settings, that is, limits and resolution. So, let's say you want to
project an Oregon map but you current region is set to Florida. This
will not work and your raster will not be projected.

So, in order to know where you projected raster will fall, you can use
the v.in.region trick. The command will create a bounding box in your
map and you can project the vector (using v.proj), and not wory about
the current region. Then you set your region to the recently projected
vector (g.region vect=box) and fix your resolution. Now you are ready
to project your raster and you know the current region matches the
region where your raster is coming from.

This is better explained in the r.proj manual page, in the notes section
http://www.ces.iisc.ernet.in/grass/grass62/manuals/html62_user/r.proj.html

Cheers
Daniel

On Tue, Dec 22, 2009 at 2:54 PM, Rich Shepard <[hidden email]> wrote:

> On Tue, 22 Dec 2009, Hamish wrote:
>
>> tip: v.proj'ing over a v.in.region box can help there. Then I usually try
>> to set the resolution to be a tiny bit better than the source rows x cols.
>> If there will bit a lot of rotation I try to set it even finer.
>
> Hamish,
>
>  I'm missing something important which is probably obvious to you and
> others. The project location contains vector maps. My reading of the
> v.in.region man page tells me its function is to "Create a new vector from
> the current region." That suggests that the resulting output map is the same
> as the displayed vector map but with a new name.
>
>  If I then run v.proj on the display of the new map what have I changed?
> More importantly, how does that help resolve my inability to run r.proj on a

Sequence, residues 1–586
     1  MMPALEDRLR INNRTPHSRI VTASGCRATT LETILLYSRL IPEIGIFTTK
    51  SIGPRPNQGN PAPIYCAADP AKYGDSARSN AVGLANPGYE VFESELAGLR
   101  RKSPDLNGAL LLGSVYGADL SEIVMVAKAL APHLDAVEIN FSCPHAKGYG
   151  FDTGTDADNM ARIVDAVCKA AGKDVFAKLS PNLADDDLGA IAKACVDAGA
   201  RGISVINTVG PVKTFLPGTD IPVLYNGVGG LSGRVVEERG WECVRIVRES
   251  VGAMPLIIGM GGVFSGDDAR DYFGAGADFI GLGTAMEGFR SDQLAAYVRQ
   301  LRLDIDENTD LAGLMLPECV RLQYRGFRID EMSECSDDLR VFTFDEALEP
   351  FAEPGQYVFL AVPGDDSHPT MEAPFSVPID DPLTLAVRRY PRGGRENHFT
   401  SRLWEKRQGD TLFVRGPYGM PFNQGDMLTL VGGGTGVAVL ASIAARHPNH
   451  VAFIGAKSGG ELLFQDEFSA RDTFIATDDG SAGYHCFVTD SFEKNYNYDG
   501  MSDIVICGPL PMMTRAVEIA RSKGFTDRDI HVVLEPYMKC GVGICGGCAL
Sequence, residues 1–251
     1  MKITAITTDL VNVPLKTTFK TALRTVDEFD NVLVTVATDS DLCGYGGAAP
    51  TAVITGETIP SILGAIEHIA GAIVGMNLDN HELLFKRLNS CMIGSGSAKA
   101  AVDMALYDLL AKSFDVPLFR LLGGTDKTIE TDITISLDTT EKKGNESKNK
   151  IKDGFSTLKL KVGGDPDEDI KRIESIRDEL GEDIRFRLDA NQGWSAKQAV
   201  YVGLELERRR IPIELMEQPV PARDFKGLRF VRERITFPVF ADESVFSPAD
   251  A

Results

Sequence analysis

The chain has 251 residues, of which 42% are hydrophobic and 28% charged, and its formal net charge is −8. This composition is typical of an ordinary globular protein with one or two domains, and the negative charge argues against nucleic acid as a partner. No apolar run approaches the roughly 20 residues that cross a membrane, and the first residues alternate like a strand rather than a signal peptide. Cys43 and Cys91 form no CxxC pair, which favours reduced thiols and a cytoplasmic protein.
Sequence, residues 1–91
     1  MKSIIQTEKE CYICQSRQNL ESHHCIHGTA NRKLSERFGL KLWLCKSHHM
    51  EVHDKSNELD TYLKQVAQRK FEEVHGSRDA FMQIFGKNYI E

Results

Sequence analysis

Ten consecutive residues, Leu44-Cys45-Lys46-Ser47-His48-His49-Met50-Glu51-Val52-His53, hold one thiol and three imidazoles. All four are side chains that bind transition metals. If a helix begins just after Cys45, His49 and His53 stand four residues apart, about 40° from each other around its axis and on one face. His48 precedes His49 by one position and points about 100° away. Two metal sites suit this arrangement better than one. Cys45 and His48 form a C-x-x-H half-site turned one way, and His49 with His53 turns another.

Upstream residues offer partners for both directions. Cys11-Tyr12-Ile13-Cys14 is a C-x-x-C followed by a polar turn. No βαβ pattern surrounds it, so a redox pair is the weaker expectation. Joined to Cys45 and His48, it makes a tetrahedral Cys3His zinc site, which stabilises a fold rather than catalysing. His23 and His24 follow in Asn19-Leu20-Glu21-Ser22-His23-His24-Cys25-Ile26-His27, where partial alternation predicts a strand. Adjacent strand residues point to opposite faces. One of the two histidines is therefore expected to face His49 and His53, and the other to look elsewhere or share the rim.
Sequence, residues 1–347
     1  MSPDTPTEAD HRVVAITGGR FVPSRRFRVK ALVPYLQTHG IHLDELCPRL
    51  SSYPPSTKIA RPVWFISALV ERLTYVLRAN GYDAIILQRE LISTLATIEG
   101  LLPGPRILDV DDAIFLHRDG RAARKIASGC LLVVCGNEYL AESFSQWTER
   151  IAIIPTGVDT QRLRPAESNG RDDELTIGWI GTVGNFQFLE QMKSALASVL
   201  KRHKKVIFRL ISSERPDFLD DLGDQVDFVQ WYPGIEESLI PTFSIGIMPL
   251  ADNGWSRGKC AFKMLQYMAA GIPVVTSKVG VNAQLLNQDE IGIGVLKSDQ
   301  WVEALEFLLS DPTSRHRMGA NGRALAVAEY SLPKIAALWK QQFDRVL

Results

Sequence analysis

> DEM map and reproject it to the project's location?
>
>  A clue stick would help.
>
> Thanks,
>
> Rich
> _______________________________________________
> grass-user mailing list
> [hidden email]
> http://lists.osgeo.org/mailman/listinfo/grass-user
>
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Re: r.proj: fixing a failure

Rich Shepard
On Tue, 22 Dec 2009, Daniel Victoria wrote:

> So, in order to know where you projected raster will fall, you can use
> the v.in.region trick. The command will create a bounding box in your
> map and you can project the vector (using v.proj), and not wory about
> the current region. Then you set your region to the recently projected
> vector (g.region vect=box) and fix your resolution. Now you are ready
> to project your raster and you know the current region matches the
> region where your raster is coming from.

Daniel,

   Despite my reading the r.proj man page I missed the critical point that
you and Hamish tried pointing out: that v.in.region is run on the raster
location, not the target location.

   Working my way through the r.proj man page note (as you summarize above),
I end with screwy region results.

   v.in.region worked; I call the output area (it should be area and not
line, correct?) 'dembox.' Exiting grass and restarting to reset the location
to that of the project, I ran 'v.proj input=dembox
location=dem10m_northwest' without error. However, running 'g.region
vect=dembox' followed by 'g.region -p' shows:

projection: 99 (Lambert Conformal Conic)
zone:       0
datum:      nad83
ellipsoid:  grs80
north:      1735231.4372465
south:      1120657.13248051
west:       -768668.81031769
east:       40643.22944943
nsres:      32.8315778
ewres:      32.83479551
rows:       18719
cols:       24648
cells:      461385912

   Before running 'g.region vect=dembox' 'g.region -p' showed:

proj:       99
zone:       0
north:      1326000
south:      1278000
east:       817000
west:       766500
cols:       1538
rows:       1462
e-w resol:  32.83485046
n-s resol:  32.83173735
top:        1
bottom:     0
cols3:      50500
rows3:      48000
depths:     1
e-w resol3: 1
n-s resol3: 1
t-b resol:  1

   Both north and south were extended, but the east-west bounds seem totally
unrealistic.

   What might I have missed here? To what should I change the e-w and n-s
resolutions after fixing the first issue?

Thanks,

Rich
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Re: r.proj: fixing a failure

DanielV
Could it be that the vector created by v.in.region is messed up, or
it's covering a larger area that you are not interested in?